This project was delayed due to Covid but we finally got a start on the workshops and the exhibition last September 2021. I invited a fellow artist to co-curate the exhibition with me mainly due to the fact that Livingston Skate Park is legendary within the skate community. I was never a skater and it felt like there should be someone from the park’s history involved. Chris Young came on board to assist with the workshops and curation of the exhibition which was displayed at Howden Park Centre, Livingston from September 2021 until March 2022. Chris grew up in Livingston and was a frequent visitor to the park as a young person before pursuing a career as an artist with a specialism in graffitti art.
The interesting thing about this exhibition was the sourcing of images. I put a call out to park users to get some local images and we didn’t get any submissions form anyone under the age of 40! What became obvious as we worked on this was that it was the older park users or those from the park’s past who were interested in submitting images, and connecting with the history of the park itself. We bought together the archive images from the parks designer Iain Urquhart and it’s unofficial custodian Kenny Omond. I enjoyed working with plain backing paper as a sustrate for printing. We showed many images by the photographer Tim Leighton-Boyce who’s achive is managed by RAD. These iconc images gave some context ot the park’s past illustrating the number of times reknowned skate boarders from the UK and US who visited the park. There is a hope that this exhibition will assist in the development of an official archive of Livingston Skate Park.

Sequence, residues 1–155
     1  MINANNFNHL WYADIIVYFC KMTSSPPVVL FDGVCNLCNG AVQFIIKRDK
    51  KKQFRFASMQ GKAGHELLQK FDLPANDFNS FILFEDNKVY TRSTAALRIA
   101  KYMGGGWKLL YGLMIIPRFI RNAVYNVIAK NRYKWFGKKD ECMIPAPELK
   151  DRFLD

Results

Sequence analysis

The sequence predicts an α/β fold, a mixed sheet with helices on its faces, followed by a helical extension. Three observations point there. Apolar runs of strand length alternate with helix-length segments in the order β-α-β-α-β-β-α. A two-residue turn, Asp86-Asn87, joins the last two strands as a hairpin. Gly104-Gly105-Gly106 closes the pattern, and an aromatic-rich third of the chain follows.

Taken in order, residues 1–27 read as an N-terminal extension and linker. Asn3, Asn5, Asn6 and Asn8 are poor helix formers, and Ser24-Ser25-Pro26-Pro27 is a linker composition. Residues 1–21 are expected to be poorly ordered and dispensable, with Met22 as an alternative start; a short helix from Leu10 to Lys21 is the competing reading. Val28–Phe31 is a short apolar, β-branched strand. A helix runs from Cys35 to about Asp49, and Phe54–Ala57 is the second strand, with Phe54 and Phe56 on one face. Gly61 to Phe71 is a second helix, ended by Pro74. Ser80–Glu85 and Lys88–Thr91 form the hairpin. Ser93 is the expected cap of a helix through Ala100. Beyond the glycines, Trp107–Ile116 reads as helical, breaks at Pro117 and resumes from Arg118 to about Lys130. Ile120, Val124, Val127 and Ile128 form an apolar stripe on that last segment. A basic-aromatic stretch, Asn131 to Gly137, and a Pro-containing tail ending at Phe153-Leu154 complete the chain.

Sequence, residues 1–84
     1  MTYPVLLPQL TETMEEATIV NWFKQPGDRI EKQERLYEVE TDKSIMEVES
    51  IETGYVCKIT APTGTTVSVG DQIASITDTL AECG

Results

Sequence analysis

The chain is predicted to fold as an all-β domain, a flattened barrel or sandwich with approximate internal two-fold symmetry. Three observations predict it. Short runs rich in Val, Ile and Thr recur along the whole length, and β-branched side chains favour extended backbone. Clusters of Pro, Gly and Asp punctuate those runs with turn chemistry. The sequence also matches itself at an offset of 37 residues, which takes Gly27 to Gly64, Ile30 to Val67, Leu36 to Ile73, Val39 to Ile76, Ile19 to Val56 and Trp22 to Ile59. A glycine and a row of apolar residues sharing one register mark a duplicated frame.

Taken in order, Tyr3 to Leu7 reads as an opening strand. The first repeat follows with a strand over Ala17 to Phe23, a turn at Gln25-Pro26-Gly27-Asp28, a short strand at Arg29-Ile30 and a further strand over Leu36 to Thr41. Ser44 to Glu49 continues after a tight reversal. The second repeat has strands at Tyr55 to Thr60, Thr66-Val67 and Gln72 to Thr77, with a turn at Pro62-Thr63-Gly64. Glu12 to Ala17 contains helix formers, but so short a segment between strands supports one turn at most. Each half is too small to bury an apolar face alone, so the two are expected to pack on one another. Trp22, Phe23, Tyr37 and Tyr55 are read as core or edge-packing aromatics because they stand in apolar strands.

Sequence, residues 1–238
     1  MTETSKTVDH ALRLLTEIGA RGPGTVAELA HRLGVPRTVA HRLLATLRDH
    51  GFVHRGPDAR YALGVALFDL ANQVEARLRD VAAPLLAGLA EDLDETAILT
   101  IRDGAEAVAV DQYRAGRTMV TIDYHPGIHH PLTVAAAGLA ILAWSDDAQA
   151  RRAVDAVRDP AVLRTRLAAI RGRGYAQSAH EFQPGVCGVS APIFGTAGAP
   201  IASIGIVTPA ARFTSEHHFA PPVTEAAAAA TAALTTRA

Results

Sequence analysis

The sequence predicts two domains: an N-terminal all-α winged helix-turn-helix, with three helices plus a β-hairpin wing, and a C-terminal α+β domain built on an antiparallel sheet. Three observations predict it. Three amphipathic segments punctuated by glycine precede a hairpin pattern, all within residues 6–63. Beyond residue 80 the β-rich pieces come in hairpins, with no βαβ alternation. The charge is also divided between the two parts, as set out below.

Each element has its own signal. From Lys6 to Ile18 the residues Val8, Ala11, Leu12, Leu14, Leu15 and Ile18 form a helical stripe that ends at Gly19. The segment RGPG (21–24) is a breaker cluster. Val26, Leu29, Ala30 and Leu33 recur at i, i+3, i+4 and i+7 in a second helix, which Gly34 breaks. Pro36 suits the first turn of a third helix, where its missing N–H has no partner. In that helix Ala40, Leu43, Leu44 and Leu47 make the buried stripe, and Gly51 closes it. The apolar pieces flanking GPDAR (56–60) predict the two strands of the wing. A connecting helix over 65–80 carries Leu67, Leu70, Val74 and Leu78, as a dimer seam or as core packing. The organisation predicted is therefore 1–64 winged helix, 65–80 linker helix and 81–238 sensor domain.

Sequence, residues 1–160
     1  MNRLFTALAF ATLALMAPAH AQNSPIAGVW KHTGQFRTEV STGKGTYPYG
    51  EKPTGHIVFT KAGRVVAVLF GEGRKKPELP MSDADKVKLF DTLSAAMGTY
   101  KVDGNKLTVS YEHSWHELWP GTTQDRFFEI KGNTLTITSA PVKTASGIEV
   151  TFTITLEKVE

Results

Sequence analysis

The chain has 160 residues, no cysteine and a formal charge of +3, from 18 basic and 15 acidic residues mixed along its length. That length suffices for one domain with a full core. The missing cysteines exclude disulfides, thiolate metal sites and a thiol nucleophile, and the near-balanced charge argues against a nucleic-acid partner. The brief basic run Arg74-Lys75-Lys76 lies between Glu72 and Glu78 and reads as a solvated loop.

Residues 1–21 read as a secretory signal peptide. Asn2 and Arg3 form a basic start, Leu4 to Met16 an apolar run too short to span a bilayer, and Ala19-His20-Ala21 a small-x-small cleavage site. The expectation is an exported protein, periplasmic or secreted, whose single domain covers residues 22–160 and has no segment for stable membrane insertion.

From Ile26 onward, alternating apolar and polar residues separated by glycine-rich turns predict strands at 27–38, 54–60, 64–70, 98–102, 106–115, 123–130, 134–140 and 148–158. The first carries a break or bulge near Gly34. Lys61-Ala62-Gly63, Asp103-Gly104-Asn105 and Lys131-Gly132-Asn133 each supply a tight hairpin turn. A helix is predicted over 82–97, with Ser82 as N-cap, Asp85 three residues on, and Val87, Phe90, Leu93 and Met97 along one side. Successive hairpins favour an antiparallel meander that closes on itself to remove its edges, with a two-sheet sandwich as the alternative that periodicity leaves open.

I also got the chance to exhibit some black and white portraits I had taken at the skate park in 1999 and had never shown.
Chris also created some new artwork at the park itself based on old skateboarding motifs and logos.